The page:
Configuring Schedule Triggers
The schedule trigger allows defining a schedule for automatically running builds in a given configuration. Multiple schedule triggers can be added to a single build configuration.
The Builds Schedule section of the current Project Settings displays the configured build times.
This section describes the schedule trigger's parameters such as timing and VCS rules.
Date and Time
You can schedule a recurring build or set a specific date and time for it.
In addition to triggering builds daily or weekly at a specified time for a particular time zone, you can specify advanced time settings using cron-like expressions. This format provides more flexible scheduling options.
You can restrict a schedule trigger to start builds only if there are pending changes in your version control by enabling the Trigger only if there are pending changes option. This option considers only newly detected pending changes: if there were pending changes before the trigger was created, the build is not triggered.
VCS Trigger Rules
If no trigger rules are specified, a build is triggered upon any change detected for the build configuration. You can control what changes are detected by changing the VCS root settings and specifying checkout rules.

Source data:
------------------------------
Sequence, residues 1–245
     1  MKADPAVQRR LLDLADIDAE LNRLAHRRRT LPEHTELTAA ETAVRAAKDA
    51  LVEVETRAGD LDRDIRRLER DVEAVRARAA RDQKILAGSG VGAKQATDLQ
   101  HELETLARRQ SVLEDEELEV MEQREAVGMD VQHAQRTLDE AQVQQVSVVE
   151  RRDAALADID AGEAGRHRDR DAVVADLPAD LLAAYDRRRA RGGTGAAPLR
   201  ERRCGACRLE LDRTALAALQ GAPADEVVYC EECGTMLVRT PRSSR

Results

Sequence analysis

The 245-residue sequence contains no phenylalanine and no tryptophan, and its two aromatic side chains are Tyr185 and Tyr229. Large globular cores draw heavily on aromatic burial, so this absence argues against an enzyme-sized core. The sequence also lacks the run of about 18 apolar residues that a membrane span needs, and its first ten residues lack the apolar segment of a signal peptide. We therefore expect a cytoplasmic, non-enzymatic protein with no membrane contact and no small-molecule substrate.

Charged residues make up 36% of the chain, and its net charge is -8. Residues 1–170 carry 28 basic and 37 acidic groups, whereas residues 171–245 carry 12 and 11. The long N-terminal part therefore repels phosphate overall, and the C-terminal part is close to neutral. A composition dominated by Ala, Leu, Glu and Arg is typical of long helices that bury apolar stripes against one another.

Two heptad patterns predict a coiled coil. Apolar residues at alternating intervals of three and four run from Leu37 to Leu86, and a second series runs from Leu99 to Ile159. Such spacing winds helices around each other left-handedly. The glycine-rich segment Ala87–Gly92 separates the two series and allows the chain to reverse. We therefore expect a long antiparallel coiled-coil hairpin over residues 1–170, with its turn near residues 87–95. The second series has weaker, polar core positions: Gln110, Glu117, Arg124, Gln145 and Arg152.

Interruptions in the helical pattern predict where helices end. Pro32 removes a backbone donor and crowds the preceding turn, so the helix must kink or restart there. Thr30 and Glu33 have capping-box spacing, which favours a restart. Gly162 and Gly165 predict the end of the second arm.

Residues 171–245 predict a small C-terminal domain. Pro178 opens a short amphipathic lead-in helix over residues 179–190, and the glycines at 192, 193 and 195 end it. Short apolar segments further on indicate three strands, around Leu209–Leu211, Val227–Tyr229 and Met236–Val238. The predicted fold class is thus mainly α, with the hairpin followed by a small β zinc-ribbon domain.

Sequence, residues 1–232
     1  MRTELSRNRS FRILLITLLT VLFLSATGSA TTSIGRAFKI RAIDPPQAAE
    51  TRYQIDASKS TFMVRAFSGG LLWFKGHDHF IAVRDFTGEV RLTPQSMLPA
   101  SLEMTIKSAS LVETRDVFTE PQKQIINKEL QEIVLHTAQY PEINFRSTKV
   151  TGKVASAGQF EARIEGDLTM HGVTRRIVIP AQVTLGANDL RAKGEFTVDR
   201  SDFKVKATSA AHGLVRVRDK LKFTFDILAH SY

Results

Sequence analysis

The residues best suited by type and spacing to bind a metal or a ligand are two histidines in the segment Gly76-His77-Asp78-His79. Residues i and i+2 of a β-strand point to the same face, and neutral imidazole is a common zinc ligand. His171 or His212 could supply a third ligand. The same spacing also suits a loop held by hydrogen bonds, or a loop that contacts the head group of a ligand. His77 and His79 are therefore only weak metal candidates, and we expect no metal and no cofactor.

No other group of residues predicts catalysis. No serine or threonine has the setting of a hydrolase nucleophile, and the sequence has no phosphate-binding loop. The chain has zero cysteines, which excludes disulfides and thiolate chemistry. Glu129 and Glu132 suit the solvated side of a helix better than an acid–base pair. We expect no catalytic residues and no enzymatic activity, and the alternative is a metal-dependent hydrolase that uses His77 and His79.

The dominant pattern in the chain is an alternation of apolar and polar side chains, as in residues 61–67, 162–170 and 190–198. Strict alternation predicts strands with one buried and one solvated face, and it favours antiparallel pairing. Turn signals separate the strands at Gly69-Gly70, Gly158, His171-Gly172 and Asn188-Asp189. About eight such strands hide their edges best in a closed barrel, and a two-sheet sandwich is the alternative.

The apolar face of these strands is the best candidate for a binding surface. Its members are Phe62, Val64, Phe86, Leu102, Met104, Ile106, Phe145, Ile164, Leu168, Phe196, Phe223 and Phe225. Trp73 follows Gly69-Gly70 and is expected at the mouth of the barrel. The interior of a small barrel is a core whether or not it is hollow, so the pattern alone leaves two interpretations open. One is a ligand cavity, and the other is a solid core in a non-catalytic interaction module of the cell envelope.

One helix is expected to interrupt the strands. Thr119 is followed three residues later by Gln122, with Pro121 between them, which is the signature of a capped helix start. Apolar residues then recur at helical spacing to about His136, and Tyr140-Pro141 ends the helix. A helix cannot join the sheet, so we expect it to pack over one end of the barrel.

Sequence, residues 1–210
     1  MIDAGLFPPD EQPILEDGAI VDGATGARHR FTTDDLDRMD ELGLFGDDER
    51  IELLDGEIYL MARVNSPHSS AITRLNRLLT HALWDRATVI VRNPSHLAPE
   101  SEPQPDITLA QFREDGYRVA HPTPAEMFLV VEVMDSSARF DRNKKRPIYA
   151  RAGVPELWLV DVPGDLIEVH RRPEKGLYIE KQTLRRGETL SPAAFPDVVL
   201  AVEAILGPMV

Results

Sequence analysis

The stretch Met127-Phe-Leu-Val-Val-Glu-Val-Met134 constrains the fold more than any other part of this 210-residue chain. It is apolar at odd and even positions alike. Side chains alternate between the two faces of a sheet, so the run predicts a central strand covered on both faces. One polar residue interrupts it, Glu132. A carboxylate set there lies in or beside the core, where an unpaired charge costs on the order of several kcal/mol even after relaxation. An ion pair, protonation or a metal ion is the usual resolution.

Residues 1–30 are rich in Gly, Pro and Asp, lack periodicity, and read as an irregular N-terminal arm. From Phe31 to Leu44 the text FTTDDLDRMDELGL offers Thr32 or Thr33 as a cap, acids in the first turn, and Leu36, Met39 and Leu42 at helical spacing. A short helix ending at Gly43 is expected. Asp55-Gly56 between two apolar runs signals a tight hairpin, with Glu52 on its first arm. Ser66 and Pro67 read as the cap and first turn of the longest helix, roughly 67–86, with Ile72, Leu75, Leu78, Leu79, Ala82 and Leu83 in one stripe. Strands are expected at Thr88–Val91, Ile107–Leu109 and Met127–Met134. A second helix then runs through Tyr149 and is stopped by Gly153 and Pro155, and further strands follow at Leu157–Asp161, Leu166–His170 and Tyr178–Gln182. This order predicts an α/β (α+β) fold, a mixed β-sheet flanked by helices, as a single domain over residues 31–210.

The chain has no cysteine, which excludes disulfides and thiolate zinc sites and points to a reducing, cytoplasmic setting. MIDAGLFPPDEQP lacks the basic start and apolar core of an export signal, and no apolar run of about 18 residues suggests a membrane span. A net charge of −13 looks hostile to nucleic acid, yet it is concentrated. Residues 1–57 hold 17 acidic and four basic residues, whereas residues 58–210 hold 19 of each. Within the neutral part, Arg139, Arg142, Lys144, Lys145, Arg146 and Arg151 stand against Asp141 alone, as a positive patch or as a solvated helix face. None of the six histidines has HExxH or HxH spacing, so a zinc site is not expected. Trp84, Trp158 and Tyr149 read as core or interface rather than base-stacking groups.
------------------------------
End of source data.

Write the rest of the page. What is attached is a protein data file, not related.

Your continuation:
To limit the changes that trigger the build, use the VCS trigger rules. You can add these rules manually in the text area (one per line), or use the Add new rule button to generate them (if necessary, scroll down to reveal the button).
Each rule is ether an "include" (starts with
+) or an "exclude" (starts with
The general syntax for a single rule is:
Ant_like_wildcard: A wildcard to match the changed file path. Only
**patterns are supported, the
?pattern is not supported. The file paths in the rule can be relative (not started with
\) to match resulting paths on the agent or absolute (started with
/) to match VCS paths relative to a VCS root. For each file in a change the most specific rule is found (the rule matching the longest file path). The build is triggered if there is at least one file with a matching "include" rule or a file with no matching "exclude" rules.
VCS_root_id: if specified, limits the rule only to the changes from the corresponding VCS root.